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The loose Elmore Leonard adaptation Get Shorty coasts on scruffy charm

Ray Romano, Chris O'Dowd (Photo: Epix)
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Adapting Elmore Leonard for television has been a hit-or-miss proposition; Justified was a bullseye both critically and commercially, Karen Sisco was beloved but short-lived, and Maximum Bob even shorter-lived and unmourned. Translating Leonard to the big screen is just as tricky, but one movie that mostly nailed the author’s colorful lowlifes and hangout vibe was 1995’s Get Shorty. (The less said about that film’s unfortunate 2005 follow-up Be Cool, the better.) Now producer Davey Holmes (Shameless, Damages) brings a weekly hour-long version of the story to the small screen… sort of.


The screen credit reading “based in part on the novel by Elmore Leonard” is our first tip-off that the new Epix series won’t be a direct adaptation of Leonard’s work. The show’s relationship to the source material is roughly akin to the TV Fargo’s relationship to the Coen brothers movie: The tone is similar, a number of plot elements are recognizable, but the characters and the overall story are not the same.Taking the place of Miami loan shark Chili Palmer is Miles Daly (Chris O’Dowd), muscle for crime boss Amara De Escalones (Lidia Porto), who operates out of the run-down Silver Dust Casino in Pahrump, Nevada. With his partner Louis Darnell (Sean Bridgers), Miles heads to Los Angeles to collect a debt from aspiring screenwriter Owen (Paul Sparks).

In true Elmore Leonard fashion, there’s always time for small talk before getting down to business. Miles, who is separated from his wife and sharing custody of their daughter, is looking for a way out of the crime life. He takes an interest in Owen’s script, a period romance called The Admiral’s Mistress, particularly when the broke writer offers to make Lewis and him producers on the film when he raises the financing. It doesn’t work out for Owen, but with a blood-soaked screenplay now in his possession, Miles is keen on winning his family back by establishing himself as a Hollywood producer.

Rick Moreweather (Ray Romano) is already established as a Hollywood producer, albeit one specializing in low-budget schlock that goes straight to video. When Rick’s latest alien movie goes belly-up because of the star’s commitment to a studio picture, Miles is able to lure him aboard his budding project with the promise of outside financing. What Rick doesn’t know at first is that said financing is a money-laundering scheme for Amara, who absolutely insists that the project recoup its budget.

Without using Leonard’s original story, Holmes and his creative team (including director and executive producer Allen Coulter, best known for his work on The Sopranos) have found a way to play in the same sandbox: the intersection of crime and the movie business. One minute Miles is helping Louis dispose of a body, the next he’s trying to charm studio executive April Quinn (Megan Stevenson) into taking a look at his script. Old habits die hard, however, and when the charm doesn’t work, Miles isn’t above resorting to blackmail in order to bring the studio aboard. O’Dowd doesn’t have the megawatt charisma John Travolta brought to the movie version, but his scruffy amiability sets the tone for the series as a whole. Although the Nevada desert locations may call Breaking Bad to mind on occasion, this is not going to be that kind of intense crime thriller. Miles is a more cuddly kind of bad guy; through the first three episodes at least, we don’t see him pull the trigger on anyone, even though we know that’s been his job. He’s an artist at heart. It’s not enough that The Admiral’s Mistress turn a profit, which is all Rick and Amara care about; Miles actually wants it to be good.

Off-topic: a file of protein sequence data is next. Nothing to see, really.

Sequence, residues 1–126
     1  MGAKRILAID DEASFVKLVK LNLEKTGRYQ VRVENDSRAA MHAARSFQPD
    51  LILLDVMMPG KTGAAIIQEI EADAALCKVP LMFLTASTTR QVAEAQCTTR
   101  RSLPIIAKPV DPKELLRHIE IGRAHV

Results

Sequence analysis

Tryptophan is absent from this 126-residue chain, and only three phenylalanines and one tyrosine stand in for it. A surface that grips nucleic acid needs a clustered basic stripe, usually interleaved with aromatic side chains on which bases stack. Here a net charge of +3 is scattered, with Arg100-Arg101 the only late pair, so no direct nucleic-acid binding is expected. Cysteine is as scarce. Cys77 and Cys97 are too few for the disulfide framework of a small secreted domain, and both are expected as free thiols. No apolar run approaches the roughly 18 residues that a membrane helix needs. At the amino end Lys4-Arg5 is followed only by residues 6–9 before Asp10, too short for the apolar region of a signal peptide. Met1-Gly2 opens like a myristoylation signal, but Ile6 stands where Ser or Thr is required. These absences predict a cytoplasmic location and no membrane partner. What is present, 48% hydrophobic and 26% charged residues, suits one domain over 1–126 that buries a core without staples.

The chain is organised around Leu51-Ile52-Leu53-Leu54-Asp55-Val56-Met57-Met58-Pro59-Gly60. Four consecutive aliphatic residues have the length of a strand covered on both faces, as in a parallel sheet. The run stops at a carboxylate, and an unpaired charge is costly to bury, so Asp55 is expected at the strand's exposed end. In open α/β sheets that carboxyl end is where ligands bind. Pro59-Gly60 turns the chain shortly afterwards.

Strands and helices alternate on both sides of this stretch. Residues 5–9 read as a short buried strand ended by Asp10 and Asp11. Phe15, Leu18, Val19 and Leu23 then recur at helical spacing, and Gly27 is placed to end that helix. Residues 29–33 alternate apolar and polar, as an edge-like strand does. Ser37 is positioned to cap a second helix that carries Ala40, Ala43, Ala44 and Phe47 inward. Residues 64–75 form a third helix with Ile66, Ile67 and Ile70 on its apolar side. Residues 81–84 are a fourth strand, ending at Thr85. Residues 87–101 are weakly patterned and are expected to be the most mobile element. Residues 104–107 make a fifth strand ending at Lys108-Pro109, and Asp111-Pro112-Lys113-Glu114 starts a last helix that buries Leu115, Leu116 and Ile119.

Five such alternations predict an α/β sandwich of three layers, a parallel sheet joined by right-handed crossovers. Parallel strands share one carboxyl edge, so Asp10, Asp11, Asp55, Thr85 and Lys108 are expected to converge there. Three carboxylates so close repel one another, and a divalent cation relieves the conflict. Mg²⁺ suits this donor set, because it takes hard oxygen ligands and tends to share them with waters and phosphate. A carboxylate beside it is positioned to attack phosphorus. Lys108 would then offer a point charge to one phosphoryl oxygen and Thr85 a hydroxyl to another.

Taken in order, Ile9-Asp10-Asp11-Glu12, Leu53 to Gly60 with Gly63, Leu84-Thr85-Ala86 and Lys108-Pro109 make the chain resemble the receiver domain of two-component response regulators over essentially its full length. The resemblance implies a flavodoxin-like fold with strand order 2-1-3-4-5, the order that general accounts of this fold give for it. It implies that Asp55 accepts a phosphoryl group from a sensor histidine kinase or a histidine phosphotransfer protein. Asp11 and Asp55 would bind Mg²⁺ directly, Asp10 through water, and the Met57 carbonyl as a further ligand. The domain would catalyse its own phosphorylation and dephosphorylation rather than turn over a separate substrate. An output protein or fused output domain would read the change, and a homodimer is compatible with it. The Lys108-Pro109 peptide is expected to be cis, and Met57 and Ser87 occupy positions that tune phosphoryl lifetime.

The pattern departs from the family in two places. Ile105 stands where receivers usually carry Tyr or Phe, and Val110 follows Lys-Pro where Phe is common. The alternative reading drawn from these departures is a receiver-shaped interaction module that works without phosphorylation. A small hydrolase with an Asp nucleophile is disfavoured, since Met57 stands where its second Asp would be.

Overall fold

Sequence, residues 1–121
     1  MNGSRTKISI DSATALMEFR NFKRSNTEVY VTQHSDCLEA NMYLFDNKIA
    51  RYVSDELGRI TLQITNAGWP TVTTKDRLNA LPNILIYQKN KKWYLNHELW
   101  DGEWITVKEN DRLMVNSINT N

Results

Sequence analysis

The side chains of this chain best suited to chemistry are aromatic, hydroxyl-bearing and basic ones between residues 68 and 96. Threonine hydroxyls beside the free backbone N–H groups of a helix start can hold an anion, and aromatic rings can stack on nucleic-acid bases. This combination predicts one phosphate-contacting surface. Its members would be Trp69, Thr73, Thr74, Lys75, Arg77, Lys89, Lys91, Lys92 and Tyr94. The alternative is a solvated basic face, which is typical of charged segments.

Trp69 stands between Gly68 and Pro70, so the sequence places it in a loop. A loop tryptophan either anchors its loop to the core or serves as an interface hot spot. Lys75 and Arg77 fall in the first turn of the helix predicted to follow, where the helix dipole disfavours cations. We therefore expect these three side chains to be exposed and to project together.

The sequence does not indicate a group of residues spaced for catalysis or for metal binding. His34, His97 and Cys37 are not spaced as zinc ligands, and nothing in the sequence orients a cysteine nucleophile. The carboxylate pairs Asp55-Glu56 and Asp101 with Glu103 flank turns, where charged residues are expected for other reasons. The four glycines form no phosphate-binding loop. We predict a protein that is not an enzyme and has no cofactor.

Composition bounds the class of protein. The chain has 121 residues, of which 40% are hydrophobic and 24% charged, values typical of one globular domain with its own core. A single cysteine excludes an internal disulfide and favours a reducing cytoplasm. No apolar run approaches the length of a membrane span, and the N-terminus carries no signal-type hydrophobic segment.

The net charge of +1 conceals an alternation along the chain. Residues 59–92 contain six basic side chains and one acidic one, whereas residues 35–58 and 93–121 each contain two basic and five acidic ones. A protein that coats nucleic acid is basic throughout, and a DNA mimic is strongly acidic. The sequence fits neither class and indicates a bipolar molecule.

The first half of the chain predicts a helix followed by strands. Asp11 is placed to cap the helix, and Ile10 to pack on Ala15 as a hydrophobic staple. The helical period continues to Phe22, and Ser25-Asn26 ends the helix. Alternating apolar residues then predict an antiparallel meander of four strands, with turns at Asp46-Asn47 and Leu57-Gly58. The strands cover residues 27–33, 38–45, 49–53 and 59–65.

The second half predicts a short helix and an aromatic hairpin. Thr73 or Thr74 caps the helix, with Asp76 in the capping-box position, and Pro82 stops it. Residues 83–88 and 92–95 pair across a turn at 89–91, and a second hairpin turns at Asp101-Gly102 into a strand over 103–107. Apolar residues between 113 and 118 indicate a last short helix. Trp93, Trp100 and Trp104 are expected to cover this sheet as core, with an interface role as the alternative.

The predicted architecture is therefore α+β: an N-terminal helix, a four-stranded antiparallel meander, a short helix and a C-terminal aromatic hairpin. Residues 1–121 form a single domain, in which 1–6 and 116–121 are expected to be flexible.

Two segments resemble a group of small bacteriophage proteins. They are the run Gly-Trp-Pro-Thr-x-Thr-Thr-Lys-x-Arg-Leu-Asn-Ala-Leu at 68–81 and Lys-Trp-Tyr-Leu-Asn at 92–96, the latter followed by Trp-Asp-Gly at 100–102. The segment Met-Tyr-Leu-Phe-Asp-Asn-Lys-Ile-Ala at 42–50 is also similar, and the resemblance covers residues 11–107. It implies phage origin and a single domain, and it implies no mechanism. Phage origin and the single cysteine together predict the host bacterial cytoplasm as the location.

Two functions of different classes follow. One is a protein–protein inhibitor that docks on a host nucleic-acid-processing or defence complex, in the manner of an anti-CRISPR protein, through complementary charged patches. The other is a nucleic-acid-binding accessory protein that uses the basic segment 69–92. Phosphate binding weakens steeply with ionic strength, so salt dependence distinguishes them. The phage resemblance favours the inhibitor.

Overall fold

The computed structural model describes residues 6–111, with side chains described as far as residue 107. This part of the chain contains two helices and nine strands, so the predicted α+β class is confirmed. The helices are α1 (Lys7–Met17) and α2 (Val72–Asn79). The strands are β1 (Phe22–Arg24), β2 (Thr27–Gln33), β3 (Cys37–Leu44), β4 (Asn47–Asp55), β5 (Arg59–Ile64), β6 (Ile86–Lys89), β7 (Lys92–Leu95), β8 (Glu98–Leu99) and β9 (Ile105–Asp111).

Several of the supporting players fit right into the Elmore Leonard world of likable lowlifes. Sean Bridgers (Deadwood, Rectify) delivers the show’s broadest comic relief in the role of Miles’ reluctant and slightly dim partner (“You talk to a writer for five minutes and suddenly you’re Marvin Scorsese”), and Ray Romano looks to be having a ball as the sleazy, dyspeptic Rick. Lidia Porto is all steely intimidation as Latina mob boss Amara. It’s not all good news, though; at least early on, Miles’ family problems feel more like an obligatory motivating factor than a fleshed-out subplot. The role of the estranged wife can be a thankless one, and there’s nothing in the early episodes to suggest that Lucy Walters will get a lot to work with as Katie Daly. Katie’s new beau is a douche-y golf pro who makes a convenient foil for Miles but feels too cartoonish even for this world.

Still, as long as you’re attuned to its loping rhythms, Get Shorty is an easy watch. Enough complications are introduced in the early hours to suggest it has some staying power. Amara’s nephew Yago (Goya Robles) wants to use his own strip club as the crime ring’s money laundering scheme of choice, and he’s willing to take out Miles to make it happen. Having slapped Louis’ name on the Admiral’s Mistress screenplay, Miles now risks discovery by the girlfriend of real writer Owen. Bringing a major studio into the mix may satisfy Miles’ desire for a bigger budget, but it can’t be a good idea from a criminal conspiracy perspective. Get Shorty isn’t in much danger of challenging Justified as the best TV adaptation of Leonard’s work, but as comfort viewing in the dog days of August, it gets the job done.


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